A speech edited for Irina Vlah, future governor of the Gagauzian autonomy, in 2015.
Slogans for an anti-Romania rally in Comrat in 2016.
A „blockade” that may erupt into „a new conflict on the Dniester” in 2017.
Monitoring a meeting of Igor Dodon with diaspora residents in Sankt-Petersburg in 2018.
Coordinating a speech which Dodon was due to deliver at the Munich Security Conference in 2019.
All these events boiled in one kitchen: a Moldovan affairs office in the Kremlin. The evidence is contained in the so-called Chernov Archives, which shows that Moscow has been supporting for many years its favorites in Moldova logistically, methodologically, and ideologically.
„BUILDING A NETWORK OF NGOs”
After the creation of a Socialist-Democrat government led by Ion Chicu, in late 2019, the Kremlin started talking about the need to expand its soft power in Moldova.
An analytical note from the Chernov Archives underscores that for years Moscow had used just two of its basic instruments of this strategy: RosSotrudnichestvo (RussCooperation) and intelligence operations.
The man who signed that document, Oleg Alpeyev, was a staff member of the Military Academy of the General Staff of the Russian Armed Forces, according to Dossier Center. His expertise and findings, which are meant for the administration of President Vladimir Putin, conclude that “a comparative analysis regarding Russia’s use of soft power in the western ex-Soviet nations shows that the strategy didn’t work well there.”
Mr. Alpeyev also states that “the fall of the oligarchic regime of Vladimir Plahotniuc in 2019 and arrival of a technocratic government led by I.Chicu – which is open for cooperation with Russia – has planted favorable conditions for Russian-Moldovan relationships.”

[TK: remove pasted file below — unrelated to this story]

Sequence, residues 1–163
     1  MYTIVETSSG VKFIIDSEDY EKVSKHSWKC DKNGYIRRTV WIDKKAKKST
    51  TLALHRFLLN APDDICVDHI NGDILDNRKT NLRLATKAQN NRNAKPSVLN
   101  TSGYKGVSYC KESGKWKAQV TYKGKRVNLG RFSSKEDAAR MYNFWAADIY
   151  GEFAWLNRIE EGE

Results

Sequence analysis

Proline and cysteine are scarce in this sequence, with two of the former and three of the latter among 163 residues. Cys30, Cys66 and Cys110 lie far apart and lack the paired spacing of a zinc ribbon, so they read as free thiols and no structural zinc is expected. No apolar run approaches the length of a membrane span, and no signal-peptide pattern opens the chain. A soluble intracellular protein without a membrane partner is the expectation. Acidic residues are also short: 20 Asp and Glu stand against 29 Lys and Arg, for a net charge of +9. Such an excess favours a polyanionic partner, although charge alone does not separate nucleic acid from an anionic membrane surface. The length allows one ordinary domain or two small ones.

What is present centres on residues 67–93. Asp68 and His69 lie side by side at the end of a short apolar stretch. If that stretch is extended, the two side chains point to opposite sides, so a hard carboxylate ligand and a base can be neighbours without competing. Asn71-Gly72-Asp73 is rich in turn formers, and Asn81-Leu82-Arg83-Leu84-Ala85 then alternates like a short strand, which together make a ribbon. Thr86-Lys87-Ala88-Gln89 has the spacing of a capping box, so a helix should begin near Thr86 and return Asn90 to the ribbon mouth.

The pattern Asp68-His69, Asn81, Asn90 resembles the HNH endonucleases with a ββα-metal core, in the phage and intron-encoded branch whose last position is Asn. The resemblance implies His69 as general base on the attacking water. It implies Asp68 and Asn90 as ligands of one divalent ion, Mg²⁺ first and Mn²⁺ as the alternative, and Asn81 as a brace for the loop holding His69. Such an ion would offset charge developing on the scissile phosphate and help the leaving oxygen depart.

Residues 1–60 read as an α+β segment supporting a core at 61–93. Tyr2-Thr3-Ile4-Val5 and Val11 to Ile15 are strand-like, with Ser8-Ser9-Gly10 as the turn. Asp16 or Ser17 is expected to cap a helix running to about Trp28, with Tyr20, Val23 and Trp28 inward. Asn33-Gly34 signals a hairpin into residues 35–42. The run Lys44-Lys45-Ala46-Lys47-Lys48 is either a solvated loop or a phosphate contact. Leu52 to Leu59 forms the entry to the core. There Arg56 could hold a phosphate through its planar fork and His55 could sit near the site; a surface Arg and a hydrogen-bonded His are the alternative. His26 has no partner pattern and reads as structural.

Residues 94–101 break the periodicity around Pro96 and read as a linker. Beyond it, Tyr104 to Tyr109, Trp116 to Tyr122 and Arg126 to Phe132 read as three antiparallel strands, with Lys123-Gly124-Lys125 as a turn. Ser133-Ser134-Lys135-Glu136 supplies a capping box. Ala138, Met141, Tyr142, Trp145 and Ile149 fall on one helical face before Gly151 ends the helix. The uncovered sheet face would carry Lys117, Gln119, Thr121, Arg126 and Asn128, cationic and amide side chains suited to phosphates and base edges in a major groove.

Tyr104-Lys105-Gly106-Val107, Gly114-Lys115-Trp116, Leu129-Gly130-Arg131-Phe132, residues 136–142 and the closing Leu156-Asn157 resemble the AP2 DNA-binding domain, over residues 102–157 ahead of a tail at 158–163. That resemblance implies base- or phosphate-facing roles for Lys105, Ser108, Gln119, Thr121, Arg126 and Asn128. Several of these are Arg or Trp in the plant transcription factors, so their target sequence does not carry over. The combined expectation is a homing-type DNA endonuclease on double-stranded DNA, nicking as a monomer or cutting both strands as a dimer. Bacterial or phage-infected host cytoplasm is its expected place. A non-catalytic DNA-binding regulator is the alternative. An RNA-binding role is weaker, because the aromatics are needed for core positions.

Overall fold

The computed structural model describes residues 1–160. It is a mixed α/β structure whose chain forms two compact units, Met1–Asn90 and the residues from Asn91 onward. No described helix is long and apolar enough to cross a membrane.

He went on, “[…] It is important to recognize that getting our soft power promoted must not be limited to a narrow circle of governmental agencies such as RosSotrudnichestvo or intelligence community, but needs to be upgraded to a systemic approach, with the active participation of other ministries (Science, Culture, Defense, etc.), as well as NGOs. Besides, it is imperative to have an NGO network in order to enhance Russia’s soft power policy.”
KREMLIN, GRECEANÎI AND CHIRTOACĂ
The fact that the intelligence services have acted for many years as one of the major pillars of Russia’s soft power policy in Moldova is confirmed clearly by the Chernov Archives. One particular file contains a propaganda paper dating back to June 2015, which was designed to discredit Dorin Chirtoacă, mayor of Chisinau. At that time Moldova was waging a local elections campaign and Chirtoacă was competing against Zinaida Greceanîi, who later would succeed Igor Dodon at the rule of the Socialists Party.
The file also contains two pictures featuring two roads in decayed shape, with explanatory captions. On the left is what Phenom Penh looked like after the Red Khmers’ bloody rule, and one the right din should depict Chisinau under Dorin Chirtoacă’s management. As a matter of fact the right-side picture was taken in Odessa, a Ukrainian city-port; the street’s name is Devolanovsky Spusk.